Admittedly, Friedman isn’t labeling any one person a Nazi or comparing any specific person to Hitler. But his article is riddled with naive overtones of a battle against the evil forces of the Nazis and the redemptive forces of the Allies. His comparison simply doesn’t honor the complexities of Israel and international relations, nor the memory of the Holocaust as a catastrophic event without comparison. Friedman presents a crudely simplistic understanding of the Holocaust and antisemtism that doesn’t do justice to the reality of Israel’s place in the modern world. Does he really believe that Israel in 2014 – with its advanced army and unprecedented regional strength, not to mention its backing by the USA – can be compared to the state of Eastern European Jews before the Holocaust?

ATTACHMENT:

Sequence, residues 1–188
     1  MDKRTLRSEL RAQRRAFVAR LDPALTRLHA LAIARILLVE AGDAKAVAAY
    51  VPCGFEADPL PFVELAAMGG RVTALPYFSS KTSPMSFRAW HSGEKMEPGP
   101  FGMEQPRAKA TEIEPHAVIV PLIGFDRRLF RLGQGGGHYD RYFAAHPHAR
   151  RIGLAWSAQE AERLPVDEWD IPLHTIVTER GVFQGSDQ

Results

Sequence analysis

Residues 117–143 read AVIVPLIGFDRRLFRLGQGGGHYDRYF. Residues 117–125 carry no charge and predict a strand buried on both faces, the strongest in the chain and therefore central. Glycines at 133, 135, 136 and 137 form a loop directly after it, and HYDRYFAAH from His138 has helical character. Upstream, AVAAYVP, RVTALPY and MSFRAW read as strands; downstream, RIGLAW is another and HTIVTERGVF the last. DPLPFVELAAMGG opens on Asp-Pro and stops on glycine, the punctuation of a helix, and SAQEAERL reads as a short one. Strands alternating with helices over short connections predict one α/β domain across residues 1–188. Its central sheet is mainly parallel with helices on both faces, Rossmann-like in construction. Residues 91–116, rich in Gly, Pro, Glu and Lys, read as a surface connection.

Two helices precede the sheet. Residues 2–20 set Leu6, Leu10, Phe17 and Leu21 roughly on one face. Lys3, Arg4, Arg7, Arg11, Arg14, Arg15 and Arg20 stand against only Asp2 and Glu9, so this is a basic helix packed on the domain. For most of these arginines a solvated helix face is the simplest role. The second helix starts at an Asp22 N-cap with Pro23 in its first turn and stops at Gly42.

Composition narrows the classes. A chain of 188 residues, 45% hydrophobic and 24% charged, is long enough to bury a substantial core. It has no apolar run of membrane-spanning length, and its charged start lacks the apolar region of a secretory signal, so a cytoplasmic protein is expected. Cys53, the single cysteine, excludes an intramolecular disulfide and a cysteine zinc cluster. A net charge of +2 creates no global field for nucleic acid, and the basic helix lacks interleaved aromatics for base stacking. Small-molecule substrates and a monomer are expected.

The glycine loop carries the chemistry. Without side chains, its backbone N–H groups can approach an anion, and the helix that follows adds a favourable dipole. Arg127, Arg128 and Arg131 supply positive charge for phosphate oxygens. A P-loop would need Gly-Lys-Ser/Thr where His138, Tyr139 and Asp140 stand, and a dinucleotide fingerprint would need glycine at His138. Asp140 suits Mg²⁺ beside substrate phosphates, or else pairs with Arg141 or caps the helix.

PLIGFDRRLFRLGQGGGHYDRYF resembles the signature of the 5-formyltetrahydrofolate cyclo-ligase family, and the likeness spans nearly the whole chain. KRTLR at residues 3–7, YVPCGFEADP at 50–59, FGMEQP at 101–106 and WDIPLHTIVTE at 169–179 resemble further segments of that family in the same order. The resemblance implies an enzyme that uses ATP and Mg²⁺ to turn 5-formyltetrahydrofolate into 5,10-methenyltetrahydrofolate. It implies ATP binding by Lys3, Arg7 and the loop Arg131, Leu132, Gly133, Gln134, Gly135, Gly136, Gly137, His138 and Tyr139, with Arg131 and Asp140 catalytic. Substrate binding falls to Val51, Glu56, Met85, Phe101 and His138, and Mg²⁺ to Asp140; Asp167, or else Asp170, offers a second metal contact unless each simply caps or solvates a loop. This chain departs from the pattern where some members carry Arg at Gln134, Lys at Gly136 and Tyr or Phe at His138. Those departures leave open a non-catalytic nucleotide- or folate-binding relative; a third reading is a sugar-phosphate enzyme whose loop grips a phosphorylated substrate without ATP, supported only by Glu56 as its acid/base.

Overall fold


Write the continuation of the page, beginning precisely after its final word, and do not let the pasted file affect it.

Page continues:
It is certainly true that antisemitism exists today, and in many places significantly so, but this is not 1938 Europe, and any attempts to define the world in this manner are quite simply unrealistic and ignorant. Just this week, Anshell Pfeffer – Haaretz’s military, international and Jewish affairs journalist – lucidly noted that the most pernicious form of antisemitism today does not come from some international cabal, but rather from deep within ourselves:
Anti-Semitism exists today on the furthest margins of Western society, in obscure sinecures, on the Internet, but perhaps most prevalently in our feverish imaginations.”
Pfeffer goes on to argue how antisemitism has transformed in the 21st century from the external injustices of “persecution and open vilification of Jews,” to something of an internal psychosis: “something we define ourselves, something we discover and too often invent where it isn’t at all clear it even exists.”